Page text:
Bitcoin Volatility Index
Latest 30-Day Estimate
Latest 60-Day Estimate
Bitcoin has a reputation for being a highly speculative asset. Although the digital currency is highly volatile, it has shown exceptional signs of stability of late. In fact, in early October, Bitcoin volatility hit a 17-month low. Despite the unprecedented COVID-19, the cryptocurrency traded in a tight range. Some experts saw this as a sign of the cryptocurrency maturing.
The Bitcoin volatility index, in particular, tracks the volatility of the world's leading digital currency by market cap over different periods. Bitcoin's value has been historically quite volatile, reaching nearly 8% from October of 2017 to January of 2018. To put that into perspective, that's more than twice the volatility in the 30-day period ending January 15, 2020. But why does Bitcoin have a volatile value?
Geopolitical events and statements by governments that regulate Bitcoin can affect the decisions of Bitcoin users. Bitcoin's early users included several bad actors. This created news headlines, which sparked fear in investors. In October 2013, Bitcoin featured in high-profile drug transactions. This news story shocked investors, forcing some of them to opt for more trusted currencies at the time.
Public panic can drive the value of bitcoins versus fiat currencies down rapidly. However, bitcoin-friendly investors can also push the Bitcoin value versus the dollar back up in a short period preceding the bad news. That's why although Bitcoin has gone through media scares that could be detrimental to a cryptocurrency, its value has steadily increased over the years.
Several other issues affect Bitcoin's volatility index. These include the swaying of Bitcoin's perceived value, the uncertainty of Bitcoin's future value, risks associated with holding a large amount of currency, high profile losses, and tax treatment. Bitcoin also faced a lot of security breaches in the early years after its inception. This, of course, was worrying to a lot of potential investors.
What is the Bitcoin Volatility Index?
Volatility is a measure of how much the price of a financial asset changes over a period of time. For instance, this site tracks the volatility of the Bitcoin price in US dollars. Bitcoin remains one of the more volatile assets you can invest in today. The Bitcoin volatility index measures how much Bitcoin's price varied on a specific day, relative to its price. It is found by sampling how far away Bitcoin's price goes from the price at a fixed point in time. Therefore, the higher the volatility, the riskier the investment, and vice versa.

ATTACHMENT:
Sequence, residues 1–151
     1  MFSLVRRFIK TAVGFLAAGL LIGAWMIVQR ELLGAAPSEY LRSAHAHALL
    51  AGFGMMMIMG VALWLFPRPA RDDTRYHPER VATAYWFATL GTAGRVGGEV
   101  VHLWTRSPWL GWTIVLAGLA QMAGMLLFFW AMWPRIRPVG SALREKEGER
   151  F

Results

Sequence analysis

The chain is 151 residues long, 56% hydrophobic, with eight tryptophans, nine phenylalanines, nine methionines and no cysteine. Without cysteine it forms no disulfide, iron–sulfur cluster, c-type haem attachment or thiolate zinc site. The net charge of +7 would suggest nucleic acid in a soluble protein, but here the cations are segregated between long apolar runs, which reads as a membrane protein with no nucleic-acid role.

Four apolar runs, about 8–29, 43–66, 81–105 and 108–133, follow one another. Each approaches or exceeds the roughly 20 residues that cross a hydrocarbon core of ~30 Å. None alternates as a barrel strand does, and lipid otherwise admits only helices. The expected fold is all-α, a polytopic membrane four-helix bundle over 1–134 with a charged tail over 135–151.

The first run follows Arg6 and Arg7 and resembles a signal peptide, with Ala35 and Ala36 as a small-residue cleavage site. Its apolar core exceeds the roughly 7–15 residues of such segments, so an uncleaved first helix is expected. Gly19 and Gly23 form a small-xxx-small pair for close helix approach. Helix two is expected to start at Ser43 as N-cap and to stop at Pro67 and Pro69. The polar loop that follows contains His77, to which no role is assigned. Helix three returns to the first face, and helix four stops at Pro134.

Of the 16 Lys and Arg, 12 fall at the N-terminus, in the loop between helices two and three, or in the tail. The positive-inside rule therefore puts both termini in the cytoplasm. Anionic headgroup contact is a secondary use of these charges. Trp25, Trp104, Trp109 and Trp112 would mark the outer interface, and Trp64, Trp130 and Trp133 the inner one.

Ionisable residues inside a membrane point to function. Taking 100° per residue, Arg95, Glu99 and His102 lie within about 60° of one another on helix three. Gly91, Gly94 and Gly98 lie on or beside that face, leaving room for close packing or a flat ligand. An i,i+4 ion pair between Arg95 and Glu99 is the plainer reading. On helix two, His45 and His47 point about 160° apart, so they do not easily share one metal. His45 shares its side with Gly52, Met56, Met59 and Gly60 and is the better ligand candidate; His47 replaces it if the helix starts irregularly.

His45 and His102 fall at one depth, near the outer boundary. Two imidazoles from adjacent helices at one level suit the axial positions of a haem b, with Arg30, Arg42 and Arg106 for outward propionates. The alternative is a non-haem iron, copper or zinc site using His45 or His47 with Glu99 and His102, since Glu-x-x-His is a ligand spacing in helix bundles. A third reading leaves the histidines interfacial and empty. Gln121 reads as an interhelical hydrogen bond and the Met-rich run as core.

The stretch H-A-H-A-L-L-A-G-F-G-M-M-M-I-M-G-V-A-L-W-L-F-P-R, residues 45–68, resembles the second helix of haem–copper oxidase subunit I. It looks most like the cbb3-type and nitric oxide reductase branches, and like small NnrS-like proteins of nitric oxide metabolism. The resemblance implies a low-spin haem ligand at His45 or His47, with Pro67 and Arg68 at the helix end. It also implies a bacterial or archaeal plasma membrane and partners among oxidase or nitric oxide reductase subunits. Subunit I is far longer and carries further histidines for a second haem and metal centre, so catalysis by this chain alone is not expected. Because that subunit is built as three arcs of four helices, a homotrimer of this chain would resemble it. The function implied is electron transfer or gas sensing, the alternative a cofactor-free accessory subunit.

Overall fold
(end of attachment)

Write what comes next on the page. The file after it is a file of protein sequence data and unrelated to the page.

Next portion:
Why is volatility important?
Volatility means that an asset is risky to hold at a particular point in time. That means that its value may go up or down substantially. The more volatile a financial asset is, the less willing people will be to invest in it. They will not hold on to it. Instead, they limit their exposure through hedging because volatility increases the cost of hedging. Therefore, understanding volatility allows investors to make more informed investment decisions.
How volatile is Bitcoin relative to other currencies?
The volatility of gold is around 1.2% on average. For comparison, other major currencies average between 0.5% and 1.0%. Because Bitcoin is an extremely volatile asset, a volatility average of 5%-10% on a single day isn't uncommon. Unfortunately, its high volatility makes it difficult for businesses to accept it as payment. Consequently, it still makes a lot of investors uncomfortable.
On the bright side, experienced traders relish the high volatility because they can make a nice profit from trading Bitcoin. Furthermore, over the years, Bitcoin will become a more mature cryptocurrency. As it becomes more mainstream, its price will rise, and its volatility will decrease, making it a more appealing asset for investors.